What that means is that the more people open and click on your emails (as a percentage of all emails sent), the more future emails will be delivered. Same way, the more people unsubscribe or, worse, report your emails as spam, the worse your delivery rates will be in the future.
For all those reasons, I believe digging into your numbers is always a good idea.
Depending on the tool of your choice, there can be many things you can track.
With open rate tracking, you can easily see which campaigns resonate with a particular audience and which don’t. Of course, the stats can be skewed a bit because of the imperfections of tracking pixels. But it’s a reliable method for testing various subject lines or, for example, the best times for sending.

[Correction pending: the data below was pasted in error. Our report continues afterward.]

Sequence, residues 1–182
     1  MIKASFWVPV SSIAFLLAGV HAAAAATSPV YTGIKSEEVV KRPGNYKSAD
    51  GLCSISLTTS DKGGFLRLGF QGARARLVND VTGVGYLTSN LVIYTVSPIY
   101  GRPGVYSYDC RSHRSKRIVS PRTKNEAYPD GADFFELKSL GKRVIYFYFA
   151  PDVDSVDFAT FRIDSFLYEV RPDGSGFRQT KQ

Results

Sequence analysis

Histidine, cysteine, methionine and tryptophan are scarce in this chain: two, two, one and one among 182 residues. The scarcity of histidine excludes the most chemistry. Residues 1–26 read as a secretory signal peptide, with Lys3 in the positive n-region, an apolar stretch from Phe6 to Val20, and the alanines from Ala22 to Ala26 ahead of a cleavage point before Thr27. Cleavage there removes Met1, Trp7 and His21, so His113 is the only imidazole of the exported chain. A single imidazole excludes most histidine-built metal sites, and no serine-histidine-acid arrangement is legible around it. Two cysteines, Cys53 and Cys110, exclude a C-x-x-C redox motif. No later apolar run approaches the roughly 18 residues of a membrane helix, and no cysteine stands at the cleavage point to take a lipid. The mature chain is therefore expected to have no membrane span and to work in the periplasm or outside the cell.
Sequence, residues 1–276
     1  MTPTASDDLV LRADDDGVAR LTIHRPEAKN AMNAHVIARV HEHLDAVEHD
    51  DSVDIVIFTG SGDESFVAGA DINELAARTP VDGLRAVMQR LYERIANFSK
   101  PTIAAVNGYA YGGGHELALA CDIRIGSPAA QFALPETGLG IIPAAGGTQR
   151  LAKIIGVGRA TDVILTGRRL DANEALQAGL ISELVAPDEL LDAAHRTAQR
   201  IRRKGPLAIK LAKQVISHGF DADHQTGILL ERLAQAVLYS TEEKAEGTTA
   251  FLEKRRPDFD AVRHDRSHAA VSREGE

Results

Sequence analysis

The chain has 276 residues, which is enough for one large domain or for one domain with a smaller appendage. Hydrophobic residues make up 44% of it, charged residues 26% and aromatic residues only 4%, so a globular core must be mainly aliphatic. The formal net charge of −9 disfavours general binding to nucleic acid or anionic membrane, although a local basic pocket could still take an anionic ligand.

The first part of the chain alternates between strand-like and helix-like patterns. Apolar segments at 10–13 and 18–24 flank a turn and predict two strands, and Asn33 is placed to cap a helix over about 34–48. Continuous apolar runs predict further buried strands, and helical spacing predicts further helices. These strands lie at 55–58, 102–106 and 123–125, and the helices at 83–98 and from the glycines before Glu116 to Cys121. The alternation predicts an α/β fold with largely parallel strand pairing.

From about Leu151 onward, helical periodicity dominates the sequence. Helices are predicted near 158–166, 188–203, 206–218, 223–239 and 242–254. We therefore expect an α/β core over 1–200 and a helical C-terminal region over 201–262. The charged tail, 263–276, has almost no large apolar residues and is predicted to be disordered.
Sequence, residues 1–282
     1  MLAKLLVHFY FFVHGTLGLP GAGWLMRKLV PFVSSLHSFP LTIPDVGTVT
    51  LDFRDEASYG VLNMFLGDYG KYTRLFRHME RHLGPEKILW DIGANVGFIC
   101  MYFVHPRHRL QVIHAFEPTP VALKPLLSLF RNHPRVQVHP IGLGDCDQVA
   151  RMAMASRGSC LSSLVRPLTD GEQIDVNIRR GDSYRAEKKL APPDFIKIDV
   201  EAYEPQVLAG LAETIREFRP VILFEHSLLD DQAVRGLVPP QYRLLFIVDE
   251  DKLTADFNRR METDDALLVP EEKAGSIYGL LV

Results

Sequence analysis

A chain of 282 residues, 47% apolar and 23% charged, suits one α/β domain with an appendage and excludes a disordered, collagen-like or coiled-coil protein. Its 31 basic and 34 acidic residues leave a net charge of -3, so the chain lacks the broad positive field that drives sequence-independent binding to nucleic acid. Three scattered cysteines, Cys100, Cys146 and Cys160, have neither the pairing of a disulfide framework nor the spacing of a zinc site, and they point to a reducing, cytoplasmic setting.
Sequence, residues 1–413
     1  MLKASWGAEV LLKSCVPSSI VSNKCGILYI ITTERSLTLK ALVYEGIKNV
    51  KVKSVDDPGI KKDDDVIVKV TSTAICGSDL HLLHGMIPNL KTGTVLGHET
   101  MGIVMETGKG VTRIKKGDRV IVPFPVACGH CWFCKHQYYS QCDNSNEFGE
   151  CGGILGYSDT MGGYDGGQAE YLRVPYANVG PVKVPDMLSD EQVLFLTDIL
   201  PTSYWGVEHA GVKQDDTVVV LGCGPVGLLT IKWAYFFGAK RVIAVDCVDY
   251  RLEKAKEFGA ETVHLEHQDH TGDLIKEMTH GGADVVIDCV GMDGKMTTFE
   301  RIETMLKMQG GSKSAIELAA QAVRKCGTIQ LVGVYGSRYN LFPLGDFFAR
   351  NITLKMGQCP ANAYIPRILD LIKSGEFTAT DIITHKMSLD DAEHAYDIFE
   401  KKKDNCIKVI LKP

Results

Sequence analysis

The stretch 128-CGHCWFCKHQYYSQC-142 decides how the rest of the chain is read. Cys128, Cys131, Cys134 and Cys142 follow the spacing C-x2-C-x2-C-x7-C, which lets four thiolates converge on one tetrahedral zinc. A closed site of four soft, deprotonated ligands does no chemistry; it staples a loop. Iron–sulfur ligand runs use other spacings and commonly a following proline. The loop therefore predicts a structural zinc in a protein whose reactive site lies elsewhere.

Clickthrough rate tells you how many readers chose to click on either of the links inside an email. It’s a far more important metric for marketers than an open rate because it lets them gauge their audience’s interest and see what resonates best with them. It’s an excellent metric for A/B testing.
It can also be useful for user segmentation. For example, suppose a particular group of users displays an interest in a link related to a particular product or a service. In that case, it’s probably worth targeting them with more dedicated mailing.
This ultimately leads to the conversion rate. It starts with a click on a link and ends with completing a specific goal relevant to your business. This can be, for example, a download of an ebook or, ideally, a purchase. Conversion rate tells you how many of the contacts you send an email to end up converting to your goal. A high conversion rate often leads to a high ROI of your marketing campaigns, so that’s something you shouldn’t underestimate.